Andris Piebalgs noted that there was a “commercial dispute” between Russian
and Ukraine “with political consequences”. Now the EU has decided to build a
collective policy on securing the delivery of gas. “We need a broad approach
of European magnitude”, Piebalgs said, explaining that the first proposals
should be formed by March.  -30-
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   Ukrainian TV 5 notes biased coverage of gas dispute by Russian media

TV 5 Kanal, Kiev, Ukraine, in Ukrainian 1800 gmt 6 Jan 06
BBC Monitoring Service,UK, in English, Friday, Jan 06, 2006

KIEV – Ukraine’s 5 Kanal television has described coverage of the
Ukrainian-Russian gas dispute by the Russian mass media as an information
war full of “lies” and “anti-Ukrainian hysteria”. It pointed to the stark
transformation Russia’s NTV television has undergone under President Putin
from being a paragon of impartiality a decade ago to becoming the Russian
government’s mouthpiece now.

The 5 Kanal journalist added that many Ukrainian politicians took advantage
of the freedom of speech in the Ukrainian media to earn political dividends
on the gas conflict. He said the media war had already set many Russians and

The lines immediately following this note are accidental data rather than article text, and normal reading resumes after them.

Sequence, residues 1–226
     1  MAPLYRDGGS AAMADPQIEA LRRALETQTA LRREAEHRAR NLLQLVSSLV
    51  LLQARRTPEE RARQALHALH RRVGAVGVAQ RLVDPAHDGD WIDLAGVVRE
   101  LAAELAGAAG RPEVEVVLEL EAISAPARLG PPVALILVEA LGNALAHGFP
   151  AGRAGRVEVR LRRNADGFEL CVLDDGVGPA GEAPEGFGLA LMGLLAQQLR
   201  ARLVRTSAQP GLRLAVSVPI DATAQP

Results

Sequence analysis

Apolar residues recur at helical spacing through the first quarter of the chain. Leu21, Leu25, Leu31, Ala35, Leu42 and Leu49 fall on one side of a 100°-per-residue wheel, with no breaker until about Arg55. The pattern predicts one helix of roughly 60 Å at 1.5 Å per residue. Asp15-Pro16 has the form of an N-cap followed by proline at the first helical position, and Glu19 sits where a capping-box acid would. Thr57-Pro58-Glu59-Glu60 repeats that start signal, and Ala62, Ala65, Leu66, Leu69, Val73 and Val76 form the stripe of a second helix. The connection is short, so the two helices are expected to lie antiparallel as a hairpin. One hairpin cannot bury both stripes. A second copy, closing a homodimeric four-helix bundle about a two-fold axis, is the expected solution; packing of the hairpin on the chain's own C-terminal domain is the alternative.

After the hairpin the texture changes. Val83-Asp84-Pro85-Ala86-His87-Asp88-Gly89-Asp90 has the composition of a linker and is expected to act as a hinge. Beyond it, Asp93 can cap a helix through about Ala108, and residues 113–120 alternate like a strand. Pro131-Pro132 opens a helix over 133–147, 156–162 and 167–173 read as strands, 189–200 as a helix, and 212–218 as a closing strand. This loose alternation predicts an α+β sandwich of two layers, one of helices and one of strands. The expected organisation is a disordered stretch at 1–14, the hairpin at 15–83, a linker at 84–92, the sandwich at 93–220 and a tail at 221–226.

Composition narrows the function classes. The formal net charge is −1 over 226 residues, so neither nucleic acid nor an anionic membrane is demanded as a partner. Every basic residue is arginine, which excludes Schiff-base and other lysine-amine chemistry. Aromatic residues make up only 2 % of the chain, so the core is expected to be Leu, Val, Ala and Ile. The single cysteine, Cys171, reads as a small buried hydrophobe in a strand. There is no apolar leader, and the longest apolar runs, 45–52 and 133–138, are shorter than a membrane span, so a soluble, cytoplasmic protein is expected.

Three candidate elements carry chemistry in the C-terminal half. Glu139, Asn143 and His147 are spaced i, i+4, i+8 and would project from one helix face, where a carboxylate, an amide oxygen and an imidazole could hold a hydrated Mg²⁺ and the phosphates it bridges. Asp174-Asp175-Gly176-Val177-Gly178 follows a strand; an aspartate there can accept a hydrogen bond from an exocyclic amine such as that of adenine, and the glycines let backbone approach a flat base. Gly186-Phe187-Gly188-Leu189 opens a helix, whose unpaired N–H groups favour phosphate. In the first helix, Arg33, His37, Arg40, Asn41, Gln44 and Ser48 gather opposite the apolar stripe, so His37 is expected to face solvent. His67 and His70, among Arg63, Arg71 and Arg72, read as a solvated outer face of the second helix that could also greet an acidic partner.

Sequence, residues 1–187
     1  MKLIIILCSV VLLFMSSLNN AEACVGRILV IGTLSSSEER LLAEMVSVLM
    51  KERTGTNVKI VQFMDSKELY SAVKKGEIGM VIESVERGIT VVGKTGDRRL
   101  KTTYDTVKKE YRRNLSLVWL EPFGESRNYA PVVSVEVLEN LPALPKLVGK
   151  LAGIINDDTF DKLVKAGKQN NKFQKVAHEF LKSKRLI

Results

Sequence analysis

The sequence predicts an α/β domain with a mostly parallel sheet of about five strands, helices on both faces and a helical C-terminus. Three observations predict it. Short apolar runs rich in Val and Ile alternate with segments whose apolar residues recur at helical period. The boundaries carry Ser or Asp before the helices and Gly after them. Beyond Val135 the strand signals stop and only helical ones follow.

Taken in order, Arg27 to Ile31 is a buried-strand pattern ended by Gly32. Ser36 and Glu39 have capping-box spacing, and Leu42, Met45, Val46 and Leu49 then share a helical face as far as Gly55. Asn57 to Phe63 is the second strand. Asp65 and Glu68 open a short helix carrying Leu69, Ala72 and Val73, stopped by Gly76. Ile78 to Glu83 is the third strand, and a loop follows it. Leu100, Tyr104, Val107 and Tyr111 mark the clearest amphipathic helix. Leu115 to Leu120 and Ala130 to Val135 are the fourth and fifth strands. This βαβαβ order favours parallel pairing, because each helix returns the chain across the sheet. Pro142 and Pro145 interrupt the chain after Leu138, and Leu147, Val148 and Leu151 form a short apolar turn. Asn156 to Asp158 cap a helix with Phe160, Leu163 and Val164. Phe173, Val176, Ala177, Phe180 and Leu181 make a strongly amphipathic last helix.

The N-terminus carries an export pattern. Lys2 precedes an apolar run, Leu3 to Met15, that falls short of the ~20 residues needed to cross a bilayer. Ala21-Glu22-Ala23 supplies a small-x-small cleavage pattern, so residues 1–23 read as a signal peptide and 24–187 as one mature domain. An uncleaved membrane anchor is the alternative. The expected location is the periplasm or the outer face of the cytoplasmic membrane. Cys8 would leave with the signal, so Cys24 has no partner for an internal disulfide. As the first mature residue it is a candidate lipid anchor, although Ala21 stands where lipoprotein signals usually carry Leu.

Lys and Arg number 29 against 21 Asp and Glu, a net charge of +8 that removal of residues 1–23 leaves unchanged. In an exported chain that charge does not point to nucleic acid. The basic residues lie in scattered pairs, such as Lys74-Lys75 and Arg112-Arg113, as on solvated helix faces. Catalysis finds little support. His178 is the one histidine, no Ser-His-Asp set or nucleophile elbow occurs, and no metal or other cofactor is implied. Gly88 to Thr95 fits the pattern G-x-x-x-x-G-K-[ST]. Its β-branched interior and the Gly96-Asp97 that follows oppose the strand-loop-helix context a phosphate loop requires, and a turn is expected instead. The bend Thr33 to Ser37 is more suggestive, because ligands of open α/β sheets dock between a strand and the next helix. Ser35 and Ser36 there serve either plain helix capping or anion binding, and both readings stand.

Ukrainians against each other. The following is an excerpt from a report by
the Ukrainian television TV 5 Kanal on 6 January:

[Presenter] A lie, more lies and still more lies – Moscow’s information war
against Ukraine is gaining momentum. The New Year war waged by Putin’s
Gazprom against the Ukrainian people and government ahead of Christmas
brought into the focus of public attention a topic that had until recently
been only discussed by some experts.

The topic is as follows: How the Russian media, which were exemplary in
terms of pluralism, professionalism, intellect and tact just a few years
ago, have been fanning an anti-Ukrainian hysteria.

The aggressive and targeted propaganda campaign by the Cheka-dominated,
pro-Putin media and reactions to it by the multicoloured Ukrainian media
have only left one with a feeling of embarrassment.

If God wants to punish a person, he takes away that person’s mind. This
expression is well known to [correspondent] Valentyn Trokhymchuk. What he
does not know, nor do I, is what the Lord takes away when he wants to punish
a lot of people at the same time. [An excerpt from Russian NTV news bulletin

[Presenter] Hello. You are watching news on the NTV channel. Yelena Vinnik
is in the studio. The main news by this hour. The first figures confirming
Gazprom’s accusations against Ukraine. The company has calculated how

much gas intended for Europeans Kiev has illegally siphoned off. [End of the

[Correspondent] A decade ago the abbreviation NTV was synonymous with

news impartiality and the meaning of the first letter only highlighted this:
independent, new, unbiased [all the words in Russian start with the letter

Today a viewer who has an opportunity to diversify sources of information